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Soup Swap

Fri Jan 23, 2009

Tuscan Chickpea Soup

Tuscan Chickpea Soup

Planning a wedding stinks. At least at this stage. Neal and I will have been engaged for a month (as of tomorrow), and I’ve already cried three times, gotten a migraine and fought with my folks. And I thought not having a preconceived notion about my “dream wedding” would be a good thing.

Neal and I decided we wanted a simple wedding—something like an oversized dinner party. Good food, good wine, good music and the people we love, we said, that’s all we’d need to make the day special. But apparently that’s a very tall order. Our families are huge. Venues are outrageously priced. And the extra costs associated with finding a cool site that will let you bring your own caterer and wine can be tens of thousands of dollars. The wedding planner we consulted suggested we be prepared to spend $75-90K. If we had that kind of we’d be buying a house instead of planning a wedding.

Times like these call for comfort food. And what’s more comforting than soup? Every culture has its soup recipes—from gazpacho to phở to menudo—with some combinations dating back thousands of years. Soup can be highbrow (vichyssoise), or lowbrow (potato leek). It can be made from the bones of animal, like chicken or veal stock, or the scraps of vegetables from your garden. Soup can be magical, too (think of the children’s story, Stone Soup) and restorative. In fact, the word restaurant derives from the French restaurer, a word used to describe cheap, filling soups sold be street vendors in the 18th century.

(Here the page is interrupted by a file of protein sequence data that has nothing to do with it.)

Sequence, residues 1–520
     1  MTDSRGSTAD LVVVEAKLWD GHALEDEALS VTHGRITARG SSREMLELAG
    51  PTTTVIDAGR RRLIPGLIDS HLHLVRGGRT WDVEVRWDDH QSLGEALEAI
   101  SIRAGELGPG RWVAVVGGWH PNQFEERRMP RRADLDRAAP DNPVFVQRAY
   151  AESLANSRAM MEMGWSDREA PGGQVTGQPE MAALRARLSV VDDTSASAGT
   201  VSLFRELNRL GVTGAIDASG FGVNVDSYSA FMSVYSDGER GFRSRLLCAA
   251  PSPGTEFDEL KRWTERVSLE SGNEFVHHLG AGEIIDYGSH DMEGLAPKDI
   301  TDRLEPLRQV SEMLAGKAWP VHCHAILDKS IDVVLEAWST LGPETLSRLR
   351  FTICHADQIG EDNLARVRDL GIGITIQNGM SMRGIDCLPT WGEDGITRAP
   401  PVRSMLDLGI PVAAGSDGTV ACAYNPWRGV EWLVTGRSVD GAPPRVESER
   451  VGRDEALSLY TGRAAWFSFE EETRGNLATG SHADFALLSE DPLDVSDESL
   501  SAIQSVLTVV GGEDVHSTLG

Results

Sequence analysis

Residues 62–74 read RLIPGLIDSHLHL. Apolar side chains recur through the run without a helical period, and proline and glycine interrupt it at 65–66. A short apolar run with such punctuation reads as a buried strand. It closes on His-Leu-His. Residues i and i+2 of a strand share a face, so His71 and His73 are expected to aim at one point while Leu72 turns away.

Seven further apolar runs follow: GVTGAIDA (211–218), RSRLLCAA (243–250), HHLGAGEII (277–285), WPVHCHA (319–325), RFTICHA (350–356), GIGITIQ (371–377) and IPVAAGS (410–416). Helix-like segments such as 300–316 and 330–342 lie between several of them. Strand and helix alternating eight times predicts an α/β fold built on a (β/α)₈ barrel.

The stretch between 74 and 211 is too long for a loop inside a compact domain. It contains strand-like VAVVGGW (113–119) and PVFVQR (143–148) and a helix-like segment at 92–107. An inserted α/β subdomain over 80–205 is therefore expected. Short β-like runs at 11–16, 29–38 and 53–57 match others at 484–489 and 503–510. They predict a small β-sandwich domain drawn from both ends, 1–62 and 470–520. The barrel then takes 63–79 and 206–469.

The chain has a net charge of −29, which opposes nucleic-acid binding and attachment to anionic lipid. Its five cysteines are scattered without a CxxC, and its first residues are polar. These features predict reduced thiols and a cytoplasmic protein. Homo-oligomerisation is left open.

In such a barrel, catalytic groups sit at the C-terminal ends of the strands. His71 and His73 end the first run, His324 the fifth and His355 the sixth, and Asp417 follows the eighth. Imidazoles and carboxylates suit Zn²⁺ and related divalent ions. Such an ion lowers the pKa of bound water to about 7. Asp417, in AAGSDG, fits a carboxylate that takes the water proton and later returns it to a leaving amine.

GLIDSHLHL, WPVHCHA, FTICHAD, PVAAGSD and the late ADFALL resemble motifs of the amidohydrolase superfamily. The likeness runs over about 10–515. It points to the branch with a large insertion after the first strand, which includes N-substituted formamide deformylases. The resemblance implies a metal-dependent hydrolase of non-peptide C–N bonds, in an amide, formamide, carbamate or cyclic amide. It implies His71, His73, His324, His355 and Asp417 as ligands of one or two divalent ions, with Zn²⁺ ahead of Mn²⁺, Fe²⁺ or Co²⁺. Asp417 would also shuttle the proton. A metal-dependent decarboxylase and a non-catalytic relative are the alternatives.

So when my friend Tracey invited me to her house for a soup swap last weekend, I was excited. We were all asked to bring six quarts of homemade, frozen soup, which we would then swap for different ones.

I had initially wanted to make a white bean soup, but with all the wedding venue hunting I didn’t have time to soak the beans, or make mirepoix for six quarts of soup—about three batches of your average recipe. So I settled on Tuscan Chickpea, a quick, easy and tasty favorite. Like the best soups, the ingredients are simple, basically garbanzos, canned tomatoes, onions, garlic, rosemary and water, with a splash of balsamic vinegar at the end for added depth of flavor and acidity. Ochre-colored and a little gritty, I love this soup topped with a handful of freshly grated Parmigiano-Reggiano and a big hunk of rustic, freshly baked bread.

I came home with some amazing soups, too: Joanna made a tasty chicken tortilla soup, Cami a mint and sweet pea that tasted like springtime, perfect for the warm weather spell we were having. Tiff made a chipotle tomato that had the slight smokiness of the peppers to warm you up. Krista made a hearty split pea that could give Anderson’s a run for their money (and she gets extra credit for using leftover ham that she froze after her Holiday party). Nicole made a curried eggplant soup that promises to be exotic and comforting, and our hostess, Tracey, made a white bean, sweet potato and kale soup with walnut pesto that I haven’t gotten to try yet, but am thoroughly looking forward too.

The afternoon was so much fun, talking with these women about life and soup. For a few hours everything seemed simple. Good food, good wine and good people. Maybe I’ll have a soup swap instead of a wedding.